Page last updated at 20:01 GMT, Monday, 21 April 2008 21:01 UK

French capital honours Dalai Lama

Dalai Lama
The Dalai Lama denies playing a political role in Tibet

The Dalai Lama has been made an honorary citizen of Paris, as anti-French protests continue in China.

Paris city council voted to bestow the symbolic title on the Tibetan spiritual leader, whom Mayor Bertrand Delanoe called "a champion of peace".

The move was opposed by the party of President Nicolas Sarkozy, who has been trying to ease tense ties with Beijing.

Chinese protesters have been picketing French supermarket Carrefour, accusing it of supporting the Dalai Lama.

Beijing accuses the Dalai Lama of inciting unrest in Tibet - claims he has denied.

Chinese officials are launching a two-month "patriotic education" in Tibet, in which Communist Party officials and local people will gather to denounce the spiritual leader.

Paris wants to show its support for the people of Tibet
Paris Mayor Bertrand Delanoe

The Dalai Lama, who lives in exile in India, insists he has no political role and played no part in the protests by Tibetan Buddhist monks that erupted into rioting in the main city Lhasa last month.

But he condemned the Chinese crackdown that followed, and accused Beijing of committing "cultural genocide" in Tibet.

Tibetan sympathisers and human rights activists have since used the worldwide tour of the Olympic torch to protest against Beijing's hosting of the Olympic Games this August.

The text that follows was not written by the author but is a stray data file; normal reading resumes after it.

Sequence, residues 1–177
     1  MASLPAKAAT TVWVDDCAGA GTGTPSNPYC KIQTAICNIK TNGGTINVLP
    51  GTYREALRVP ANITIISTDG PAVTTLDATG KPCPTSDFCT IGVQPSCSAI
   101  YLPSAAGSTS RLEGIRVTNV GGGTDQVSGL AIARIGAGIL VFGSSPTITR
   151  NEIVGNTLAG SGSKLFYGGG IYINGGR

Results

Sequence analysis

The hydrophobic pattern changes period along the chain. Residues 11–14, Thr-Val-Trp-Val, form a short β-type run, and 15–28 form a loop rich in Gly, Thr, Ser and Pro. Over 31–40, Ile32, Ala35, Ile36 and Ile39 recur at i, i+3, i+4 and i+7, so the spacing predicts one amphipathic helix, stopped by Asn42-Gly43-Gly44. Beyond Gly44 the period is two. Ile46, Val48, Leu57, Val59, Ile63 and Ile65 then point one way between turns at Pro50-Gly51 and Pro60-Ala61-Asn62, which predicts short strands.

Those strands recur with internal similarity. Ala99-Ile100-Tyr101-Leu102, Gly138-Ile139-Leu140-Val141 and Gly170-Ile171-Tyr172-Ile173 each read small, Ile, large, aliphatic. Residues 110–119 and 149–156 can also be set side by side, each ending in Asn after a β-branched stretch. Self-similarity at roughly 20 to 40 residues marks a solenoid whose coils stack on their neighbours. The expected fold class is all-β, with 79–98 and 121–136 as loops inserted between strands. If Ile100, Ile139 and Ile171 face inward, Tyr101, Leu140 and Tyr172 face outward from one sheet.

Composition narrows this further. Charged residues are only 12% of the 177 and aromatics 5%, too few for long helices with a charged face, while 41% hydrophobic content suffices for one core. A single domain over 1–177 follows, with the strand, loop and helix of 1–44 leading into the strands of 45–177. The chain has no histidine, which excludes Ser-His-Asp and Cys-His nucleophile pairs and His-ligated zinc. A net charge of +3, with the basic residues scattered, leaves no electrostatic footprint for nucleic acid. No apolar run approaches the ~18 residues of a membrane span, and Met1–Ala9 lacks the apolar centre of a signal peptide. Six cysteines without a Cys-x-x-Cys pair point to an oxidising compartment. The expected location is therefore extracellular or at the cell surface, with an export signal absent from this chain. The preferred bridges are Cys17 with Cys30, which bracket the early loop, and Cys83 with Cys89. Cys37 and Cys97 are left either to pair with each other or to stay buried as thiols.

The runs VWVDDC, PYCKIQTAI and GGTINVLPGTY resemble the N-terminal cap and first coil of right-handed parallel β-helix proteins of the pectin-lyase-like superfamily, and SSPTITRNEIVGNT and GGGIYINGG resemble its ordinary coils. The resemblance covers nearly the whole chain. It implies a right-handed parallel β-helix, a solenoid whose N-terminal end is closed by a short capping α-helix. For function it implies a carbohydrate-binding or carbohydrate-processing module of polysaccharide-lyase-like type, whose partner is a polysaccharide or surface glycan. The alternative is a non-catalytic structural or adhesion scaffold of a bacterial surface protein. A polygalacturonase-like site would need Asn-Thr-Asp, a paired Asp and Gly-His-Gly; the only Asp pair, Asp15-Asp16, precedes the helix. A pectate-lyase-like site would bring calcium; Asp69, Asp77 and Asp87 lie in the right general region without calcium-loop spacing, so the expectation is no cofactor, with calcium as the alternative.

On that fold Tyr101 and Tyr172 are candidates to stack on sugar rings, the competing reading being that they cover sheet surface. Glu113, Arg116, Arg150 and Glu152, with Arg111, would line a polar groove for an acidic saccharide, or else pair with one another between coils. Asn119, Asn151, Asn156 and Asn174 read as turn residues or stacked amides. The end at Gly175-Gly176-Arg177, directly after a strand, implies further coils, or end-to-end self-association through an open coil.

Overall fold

Mayor Delanoe said in honouring the Dalai Lama, Paris wanted "to show its support for the people of Tibet who are defending their most basic right to dignity, freedom and simply life".

'Outstanding courage'

The gesture came as France's president expressed sympathy for a disabled Chinese athlete who was jostled by a pro-Tibetan activist as she held the Olympic torch in Paris.

Christian Poncelet (R) and Chinese athlete Jin Jing in Shanghai, 21/04
Christian Poncelet of the French Senate delivered the letter to Ms Jin

In a letter to 27-year-old Paralympian fencer Jin Jing, Nicolas Sarkozy told her she had shown "outstanding courage" in the face of the assault.

"I want to assure you that the incidents staged by a few people on this sad day don't reflect the feelings of my fellow countrymen for the Chinese people," Mr Sarkozy wrote.

The Paris incident was the catalyst that sparked an outburst of anti-French protests in China.

Online activists there have spent weeks urging a boycott of French goods.

Over the weekend thousands of people demonstrated outside Carrefour stores in China.

The company has issued a statement denying that it supports the Dalai Lama, and declaring support for the Beijing Olympics.

China urges 'rational' protests
20 Apr 08 |  Asia-Pacific

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